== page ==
more transport will be handled by ship by 2030.
The BASF site in Ludwigshafen without the Rhine? Unthinkable. Today, the Ludwigshafen site premises stretch over a distance of 10 kilometers along the Rhine. At the three company-owned harbors, an average of 12 inland vessels dock per day transporting raw materials and products to the site in liquid, solid and gaseous form as well as taking them to the customer.
A glance at the loading capacities of the most significant means of transportation shows just how important the Rhine is for the Ludwigshafen site, particularly when observing the raw materials supply chain. Inland navigation vessels are the largest suppliers of raw materials and can transport an average of 2,000 metric tons. Freight trains can transport an average of between 1,200 and 1,500 metric tons as block trains. The combined transportation option of trains and trucks (intermodal transport) takes third place: The loading capacity of the tank containers used for transporting raw materials is around 25 metric tons.
All these options are necessary when the Rhine is restricted as a reliable waterway due to seasonal events or other unexpected incidents. “The Rhine is simultaneously a blessing and a challenge for the Ludwigshafen site: It is the supply artery for the site and is the most important transport route for large amounts of goods. If there are any issues here, it affects the whole site,” says Dr. Andreas Backhaus, Head of European Site Logistics (ESL).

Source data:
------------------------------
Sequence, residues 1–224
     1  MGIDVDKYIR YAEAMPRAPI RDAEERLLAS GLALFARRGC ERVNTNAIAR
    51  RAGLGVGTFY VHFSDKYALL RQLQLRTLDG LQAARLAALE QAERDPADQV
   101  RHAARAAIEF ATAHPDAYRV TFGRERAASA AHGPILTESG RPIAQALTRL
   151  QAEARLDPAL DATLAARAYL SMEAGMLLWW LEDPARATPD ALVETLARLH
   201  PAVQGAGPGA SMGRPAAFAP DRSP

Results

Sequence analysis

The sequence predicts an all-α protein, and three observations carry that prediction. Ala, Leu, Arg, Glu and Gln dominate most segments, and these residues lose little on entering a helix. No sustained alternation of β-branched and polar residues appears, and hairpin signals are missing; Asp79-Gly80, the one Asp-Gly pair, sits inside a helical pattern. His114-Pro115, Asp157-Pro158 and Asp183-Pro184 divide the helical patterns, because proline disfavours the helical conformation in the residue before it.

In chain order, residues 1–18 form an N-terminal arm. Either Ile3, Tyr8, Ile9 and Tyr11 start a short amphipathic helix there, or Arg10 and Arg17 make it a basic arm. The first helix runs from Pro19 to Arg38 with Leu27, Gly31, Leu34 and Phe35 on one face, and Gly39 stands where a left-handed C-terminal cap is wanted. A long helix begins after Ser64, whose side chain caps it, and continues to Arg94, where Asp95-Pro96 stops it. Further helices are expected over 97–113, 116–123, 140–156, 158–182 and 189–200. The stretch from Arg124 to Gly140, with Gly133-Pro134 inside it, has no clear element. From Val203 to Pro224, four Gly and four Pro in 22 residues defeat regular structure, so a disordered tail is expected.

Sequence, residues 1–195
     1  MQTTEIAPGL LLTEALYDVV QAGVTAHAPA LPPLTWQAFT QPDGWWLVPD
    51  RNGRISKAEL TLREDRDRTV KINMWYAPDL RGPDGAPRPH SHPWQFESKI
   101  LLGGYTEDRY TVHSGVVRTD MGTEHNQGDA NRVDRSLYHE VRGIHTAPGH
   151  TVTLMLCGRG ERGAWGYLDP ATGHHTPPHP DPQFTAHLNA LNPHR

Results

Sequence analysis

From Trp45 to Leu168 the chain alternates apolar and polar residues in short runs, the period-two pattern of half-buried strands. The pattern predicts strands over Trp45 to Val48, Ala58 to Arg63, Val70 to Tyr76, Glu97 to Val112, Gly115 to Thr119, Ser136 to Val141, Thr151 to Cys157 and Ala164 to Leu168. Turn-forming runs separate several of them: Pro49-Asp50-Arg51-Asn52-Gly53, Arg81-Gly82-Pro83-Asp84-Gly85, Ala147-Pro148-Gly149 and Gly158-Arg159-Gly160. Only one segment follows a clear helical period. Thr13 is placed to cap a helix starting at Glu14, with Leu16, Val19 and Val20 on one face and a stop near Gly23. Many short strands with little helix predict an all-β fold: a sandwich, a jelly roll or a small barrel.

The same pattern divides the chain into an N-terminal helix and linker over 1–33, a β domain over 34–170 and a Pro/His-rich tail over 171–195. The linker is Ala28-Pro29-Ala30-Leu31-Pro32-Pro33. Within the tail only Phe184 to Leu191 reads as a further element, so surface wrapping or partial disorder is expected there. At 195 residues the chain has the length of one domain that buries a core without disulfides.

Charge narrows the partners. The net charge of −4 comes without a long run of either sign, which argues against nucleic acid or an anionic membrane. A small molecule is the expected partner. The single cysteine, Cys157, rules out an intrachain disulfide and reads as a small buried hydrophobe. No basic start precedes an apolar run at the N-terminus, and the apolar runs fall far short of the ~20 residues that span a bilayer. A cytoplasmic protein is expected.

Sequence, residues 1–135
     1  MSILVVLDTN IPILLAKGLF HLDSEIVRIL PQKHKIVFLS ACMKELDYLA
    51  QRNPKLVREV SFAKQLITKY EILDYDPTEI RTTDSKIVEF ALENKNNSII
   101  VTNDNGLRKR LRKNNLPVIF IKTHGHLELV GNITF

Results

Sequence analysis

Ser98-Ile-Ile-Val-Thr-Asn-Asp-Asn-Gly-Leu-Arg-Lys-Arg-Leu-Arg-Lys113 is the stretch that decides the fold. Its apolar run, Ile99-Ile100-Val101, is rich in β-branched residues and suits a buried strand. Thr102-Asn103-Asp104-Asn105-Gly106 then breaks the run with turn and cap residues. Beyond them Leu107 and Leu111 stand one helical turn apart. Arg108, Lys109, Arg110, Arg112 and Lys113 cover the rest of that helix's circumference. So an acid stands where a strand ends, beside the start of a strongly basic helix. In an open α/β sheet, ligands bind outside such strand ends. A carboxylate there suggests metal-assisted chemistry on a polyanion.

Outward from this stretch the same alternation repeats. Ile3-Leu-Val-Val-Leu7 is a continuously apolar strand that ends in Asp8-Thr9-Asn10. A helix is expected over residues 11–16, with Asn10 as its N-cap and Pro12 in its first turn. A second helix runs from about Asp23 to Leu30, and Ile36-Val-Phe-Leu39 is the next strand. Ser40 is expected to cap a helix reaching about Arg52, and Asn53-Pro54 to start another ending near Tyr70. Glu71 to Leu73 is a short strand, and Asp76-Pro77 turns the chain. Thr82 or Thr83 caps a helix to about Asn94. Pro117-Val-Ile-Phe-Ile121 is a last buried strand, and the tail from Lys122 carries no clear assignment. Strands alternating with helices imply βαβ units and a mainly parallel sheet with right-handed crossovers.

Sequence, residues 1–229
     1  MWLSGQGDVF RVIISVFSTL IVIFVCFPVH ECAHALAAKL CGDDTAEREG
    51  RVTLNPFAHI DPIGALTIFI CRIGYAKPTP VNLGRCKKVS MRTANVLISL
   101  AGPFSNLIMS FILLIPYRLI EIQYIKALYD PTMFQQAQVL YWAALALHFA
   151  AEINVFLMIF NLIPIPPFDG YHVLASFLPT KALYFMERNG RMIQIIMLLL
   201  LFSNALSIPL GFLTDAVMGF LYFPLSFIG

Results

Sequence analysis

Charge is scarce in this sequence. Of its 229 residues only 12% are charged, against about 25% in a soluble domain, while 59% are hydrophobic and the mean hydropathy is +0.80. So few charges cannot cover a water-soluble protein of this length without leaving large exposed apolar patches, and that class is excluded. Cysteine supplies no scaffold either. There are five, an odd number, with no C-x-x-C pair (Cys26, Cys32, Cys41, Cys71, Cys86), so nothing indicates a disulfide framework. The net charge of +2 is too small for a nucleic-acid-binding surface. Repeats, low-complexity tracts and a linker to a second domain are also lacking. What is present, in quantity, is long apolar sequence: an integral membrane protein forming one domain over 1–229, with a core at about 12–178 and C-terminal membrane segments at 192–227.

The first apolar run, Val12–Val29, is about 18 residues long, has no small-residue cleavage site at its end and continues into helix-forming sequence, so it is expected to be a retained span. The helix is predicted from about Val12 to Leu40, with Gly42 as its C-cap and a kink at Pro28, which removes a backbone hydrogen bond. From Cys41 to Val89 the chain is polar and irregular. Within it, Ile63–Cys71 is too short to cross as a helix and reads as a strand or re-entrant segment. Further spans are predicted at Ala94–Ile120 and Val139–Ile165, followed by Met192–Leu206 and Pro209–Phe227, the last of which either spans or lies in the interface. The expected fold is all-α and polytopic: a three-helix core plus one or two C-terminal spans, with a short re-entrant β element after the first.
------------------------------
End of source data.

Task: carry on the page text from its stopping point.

And this is exactly what happened in the second half of 2018: Ship traffic came to almost a complete halt on Germany’s most important water route between September and December with low water levels increasingly restricting the loading capacities of the ships.
more transport will be handled by ship by 2030.
is what an average inland navigation vessel can transport.
“The most important aspect is to ensure that intensive communication between the affected production plants and the customer takes place early on,” said Dieter Mehrle , Barging Services Europe, who is responsible for inland waterway logistics at the Ludwigshafen site. The other measures include regular forecasts on the short-term development of the river water levels, continuous monitoring of goods flows and constantly checking the options provided by other transport carriers.
“October and November 2018 were pretty tough months for us. However, what the colleagues in the affected units achieved was amazing,” commented Mehrle. The colleagues from rail transport were also heavily involved in mastering this challenge at the Ludwigshafen site: “There weren’t many tank cars available and the ones we had were assigned to the raw materials to be transported according to their priority. The new BASF class tank containers already helped during this period,” said Katharina Günther, team leader of rail tank car steering.